First successes in the fight to save the last Danube sturgeons

© Phyllis Rachler / WWF

Vienna/Sofia/Bucharest – Poaching and illegal wildlife trade threaten not only tigers in Asia and elephants in Africa but also the last – and strictly protected – sturgeons of the Danube, in the heart of Europe. Decades of overfishing and prices of up to 6,000 Euros per kilogram of caviar have brought the 200-million-year-old fish to the brink of extinction. Out of six Danube sturgeon species, five are classified as “critically endangered” according to the IUCN List of Threatened Species, with one extinct in the Danube.

However, the Danube is the only large river system in Europe where the protection of wild sturgeon is still possible. A small sturgeon population still survives in an 860-km section of the river shared by Bulgaria, Romania, Moldova and Ukraine.

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End of project press conference, Vienna (Project Leader Jutta Jahrl)

For the past three years, a WWF project co-funded by the EU Life+ programme has worked with fishermen, enforcement agencies, decision makers and aquaculture industry in Romania and Bulgaria. “The key to protecting sturgeons is to inform and train the central stakeholders in the countries of origin,” says project leader Jutta Jahrl from WWF Austria.

Until relatively recently, Bulgaria and Romania were among the worlds’ Top 10 caviar exporting countries.  But sturgeon populations plummeted after the construction of the Iron Gates dam at the border of Romania and Serbia in the 1980s, which prevents fish from migrating upstream to spawn. Overexploitation added to the dramatic decline of stocks, for which reason both countries imposed a sturgeon fishing ban. Nevertheless, poaching and illegal trade are still ongoing.

Beluga sturgeon caviar is considered the most expensive food in the world and it is in high demand. Only in 2013, the EU imported quantities worth 23 million Euro. Although most caviar is now supplied through aquaculture, loopholes add to pressures on wild sturgeon populations. Caviar from poached sturgeon falsely labelled as farmed often also finds its way to the market.

In 2014, Romanian authorities seized some 80 kilograms of illegal caviar and 4 tons of sturgeon meat. “These alarming numbers show that fishing bans alone are not enough. People in fishing villages are often extremely poor and have few alternatives to poaching,” explains WWF Austria sturgeon expert Jutta Jahrl.

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Fishermen training, Bulgaria

However, the region has a lot of untapped potential.  “There are many opportunities for sustainable tourism because the Danube is not yet seen as this beautiful region where one can go and relax. It is a border area. Our goal is to show local communities what opportunities there are and how to use them sustainably”, said WWF Bulgaria expert Ekaterina Voynova.

In the scope of three years, project members called “Sturgeon Advocates” visited some 30 fishing villages multiple times and built up contacts, raised the understanding for sturgeon protection and showed fishermen how to find alternative sources of income. In Bulgaria, a group of fishermen was trained in sturgeon population monitoring. “Monitoring is the responsibility of government institutions and we hope they will start employing fishermen in these activities, which are highly necessary. We already have indications that they are willing to do so,” Voynova said.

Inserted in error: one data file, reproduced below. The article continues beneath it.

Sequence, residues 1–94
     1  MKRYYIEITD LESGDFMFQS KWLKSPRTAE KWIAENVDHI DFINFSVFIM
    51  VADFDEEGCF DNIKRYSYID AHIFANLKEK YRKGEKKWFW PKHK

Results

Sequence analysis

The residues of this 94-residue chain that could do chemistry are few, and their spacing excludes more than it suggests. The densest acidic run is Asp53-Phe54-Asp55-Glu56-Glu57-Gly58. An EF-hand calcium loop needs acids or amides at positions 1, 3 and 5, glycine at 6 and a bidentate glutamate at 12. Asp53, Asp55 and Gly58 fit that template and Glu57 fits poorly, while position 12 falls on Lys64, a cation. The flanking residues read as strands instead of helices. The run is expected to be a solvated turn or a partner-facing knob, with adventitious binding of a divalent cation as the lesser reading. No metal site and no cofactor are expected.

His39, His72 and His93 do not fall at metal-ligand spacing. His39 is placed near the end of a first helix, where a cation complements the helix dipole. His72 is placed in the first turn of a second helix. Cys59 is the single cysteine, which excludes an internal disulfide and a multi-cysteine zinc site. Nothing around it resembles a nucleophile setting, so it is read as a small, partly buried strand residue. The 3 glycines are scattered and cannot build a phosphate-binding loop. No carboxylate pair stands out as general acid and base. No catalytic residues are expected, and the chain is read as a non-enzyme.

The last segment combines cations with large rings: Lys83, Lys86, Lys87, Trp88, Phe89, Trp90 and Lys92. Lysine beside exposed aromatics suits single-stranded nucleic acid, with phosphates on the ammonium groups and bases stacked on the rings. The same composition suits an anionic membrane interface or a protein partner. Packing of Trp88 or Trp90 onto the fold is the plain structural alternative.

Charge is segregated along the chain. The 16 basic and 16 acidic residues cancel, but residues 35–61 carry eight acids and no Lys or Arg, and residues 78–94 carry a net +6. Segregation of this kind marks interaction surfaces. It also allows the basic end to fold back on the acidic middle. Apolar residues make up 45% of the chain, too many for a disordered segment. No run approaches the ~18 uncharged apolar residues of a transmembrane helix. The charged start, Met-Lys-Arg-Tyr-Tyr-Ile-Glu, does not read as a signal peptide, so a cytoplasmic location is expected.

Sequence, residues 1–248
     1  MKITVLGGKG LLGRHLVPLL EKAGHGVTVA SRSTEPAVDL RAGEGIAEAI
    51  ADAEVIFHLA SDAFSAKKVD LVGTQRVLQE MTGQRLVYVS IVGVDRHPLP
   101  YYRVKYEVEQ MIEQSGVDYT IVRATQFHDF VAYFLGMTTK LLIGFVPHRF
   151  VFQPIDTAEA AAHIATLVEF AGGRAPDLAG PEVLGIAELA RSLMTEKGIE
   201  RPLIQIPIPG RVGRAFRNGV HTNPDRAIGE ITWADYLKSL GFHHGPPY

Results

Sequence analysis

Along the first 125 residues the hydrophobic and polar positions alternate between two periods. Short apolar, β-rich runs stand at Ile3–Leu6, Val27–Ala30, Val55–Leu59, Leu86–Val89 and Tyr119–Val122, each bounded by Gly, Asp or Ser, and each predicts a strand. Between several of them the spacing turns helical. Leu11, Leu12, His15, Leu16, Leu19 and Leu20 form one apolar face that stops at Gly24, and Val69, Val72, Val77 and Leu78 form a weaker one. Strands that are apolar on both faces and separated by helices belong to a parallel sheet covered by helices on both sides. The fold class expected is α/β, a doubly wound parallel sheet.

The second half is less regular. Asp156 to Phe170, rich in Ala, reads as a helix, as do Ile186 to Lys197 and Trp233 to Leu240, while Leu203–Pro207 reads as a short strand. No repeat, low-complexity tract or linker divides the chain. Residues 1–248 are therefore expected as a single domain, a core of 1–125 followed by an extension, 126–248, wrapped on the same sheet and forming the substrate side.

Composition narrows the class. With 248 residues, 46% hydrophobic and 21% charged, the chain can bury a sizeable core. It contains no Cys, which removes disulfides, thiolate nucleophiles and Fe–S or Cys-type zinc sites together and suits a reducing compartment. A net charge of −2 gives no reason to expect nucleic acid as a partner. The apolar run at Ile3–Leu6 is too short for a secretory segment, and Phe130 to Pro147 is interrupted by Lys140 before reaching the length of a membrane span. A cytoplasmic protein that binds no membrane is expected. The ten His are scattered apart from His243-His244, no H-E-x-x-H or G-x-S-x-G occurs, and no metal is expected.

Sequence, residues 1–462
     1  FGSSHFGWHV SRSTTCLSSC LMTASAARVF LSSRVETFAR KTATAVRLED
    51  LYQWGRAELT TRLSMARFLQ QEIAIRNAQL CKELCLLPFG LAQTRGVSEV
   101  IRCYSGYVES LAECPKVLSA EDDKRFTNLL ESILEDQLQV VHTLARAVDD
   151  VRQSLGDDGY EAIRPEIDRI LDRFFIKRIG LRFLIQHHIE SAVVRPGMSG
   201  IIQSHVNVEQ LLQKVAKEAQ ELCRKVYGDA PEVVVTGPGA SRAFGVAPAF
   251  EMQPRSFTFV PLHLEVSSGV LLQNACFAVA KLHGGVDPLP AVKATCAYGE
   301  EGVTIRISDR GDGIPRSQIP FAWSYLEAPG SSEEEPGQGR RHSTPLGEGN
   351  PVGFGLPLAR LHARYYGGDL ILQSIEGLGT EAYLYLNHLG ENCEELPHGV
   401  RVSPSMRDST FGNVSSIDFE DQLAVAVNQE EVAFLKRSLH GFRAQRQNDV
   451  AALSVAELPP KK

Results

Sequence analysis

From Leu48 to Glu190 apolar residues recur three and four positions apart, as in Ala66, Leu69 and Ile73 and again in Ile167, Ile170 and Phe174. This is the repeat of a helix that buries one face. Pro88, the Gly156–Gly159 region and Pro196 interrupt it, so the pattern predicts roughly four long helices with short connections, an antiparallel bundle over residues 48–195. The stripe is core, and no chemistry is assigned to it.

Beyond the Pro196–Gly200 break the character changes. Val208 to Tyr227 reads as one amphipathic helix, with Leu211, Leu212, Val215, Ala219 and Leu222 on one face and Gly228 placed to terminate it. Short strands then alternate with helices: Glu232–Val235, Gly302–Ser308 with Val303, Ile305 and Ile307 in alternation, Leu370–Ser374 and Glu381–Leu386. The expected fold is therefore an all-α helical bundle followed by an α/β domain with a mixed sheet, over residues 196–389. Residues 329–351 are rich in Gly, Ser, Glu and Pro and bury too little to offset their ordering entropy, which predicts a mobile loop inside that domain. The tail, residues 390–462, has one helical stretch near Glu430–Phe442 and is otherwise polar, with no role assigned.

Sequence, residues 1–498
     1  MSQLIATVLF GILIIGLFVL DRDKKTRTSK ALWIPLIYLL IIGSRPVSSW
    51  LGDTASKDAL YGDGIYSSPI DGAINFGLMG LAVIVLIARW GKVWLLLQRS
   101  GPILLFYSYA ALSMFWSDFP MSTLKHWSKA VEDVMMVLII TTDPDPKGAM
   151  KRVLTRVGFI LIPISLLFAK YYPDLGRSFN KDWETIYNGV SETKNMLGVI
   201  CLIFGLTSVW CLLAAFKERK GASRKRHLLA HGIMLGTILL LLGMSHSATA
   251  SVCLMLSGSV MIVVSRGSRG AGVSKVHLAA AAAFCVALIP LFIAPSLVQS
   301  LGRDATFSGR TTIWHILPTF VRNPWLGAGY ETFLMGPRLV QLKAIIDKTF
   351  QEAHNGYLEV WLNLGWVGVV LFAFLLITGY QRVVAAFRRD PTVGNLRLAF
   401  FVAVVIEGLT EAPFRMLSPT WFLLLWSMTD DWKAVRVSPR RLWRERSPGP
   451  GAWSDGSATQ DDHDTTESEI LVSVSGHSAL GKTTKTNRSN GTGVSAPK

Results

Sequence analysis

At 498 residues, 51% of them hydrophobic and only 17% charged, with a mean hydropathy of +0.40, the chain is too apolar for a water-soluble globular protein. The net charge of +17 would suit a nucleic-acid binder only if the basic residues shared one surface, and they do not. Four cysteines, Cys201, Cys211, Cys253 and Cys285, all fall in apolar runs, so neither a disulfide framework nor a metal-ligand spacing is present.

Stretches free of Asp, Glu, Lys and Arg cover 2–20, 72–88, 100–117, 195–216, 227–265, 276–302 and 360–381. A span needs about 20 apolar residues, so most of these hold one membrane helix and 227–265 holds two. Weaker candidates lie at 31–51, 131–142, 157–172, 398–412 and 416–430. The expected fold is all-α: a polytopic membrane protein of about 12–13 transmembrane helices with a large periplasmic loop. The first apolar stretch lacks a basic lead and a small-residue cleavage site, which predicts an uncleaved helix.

Practical trainings were also held with enforcement authorities as part of the LIFE project. “Lack of sufficient information and capacity means that authorities can hardly control illegal fishing, smuggling and trading, and especially the “caviar mafia” – organized criminals who exploit the situation shamelessly and make huge profits”, Jahrl said. A good development in this respect is the plan to develop the first wildlife crime unit in Bulgaria – something WWF had been insisting on. “If this happens, it will be a huge breakthrough.”

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Eight sturgeon aquaculture farms in Bulgaria and Romania are also now involved in sturgeon protection by voluntarily committing to a set of principles developed by WWF, like respecting relevant national and international regulations and informing customers of the importance of mandatory CITES labels for sturgeon products. Involving sturgeon breeders in protection is important because they can greatly reduce the pressure on wild stocks while satisfying demand, especially in the context of current EU efforts to boost EU aquaculture, which accounts for less than  five percent of global aquaculture production.

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In a follow-up project, WWF hopes to expand sturgeon protection activities into Serbia and the Ukrainian Danube Delta. Fishermen and enforcement agencies will continue to receive professional training, while illegal trade routes will be investigated through “mystery shopping” at retailers and in restaurants. A fishing ban is in place to protect the sturgeons from overfishing, the main threat, but in Bulgaria and Romania it expires on 31 December 2015 and the states have not yet defined protection measures beyond it.

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End of project press conference, Vienna (WWF Bulgaria expert Ekaterina Voynova (left) and Project Leader Jutta Jahrl (right)

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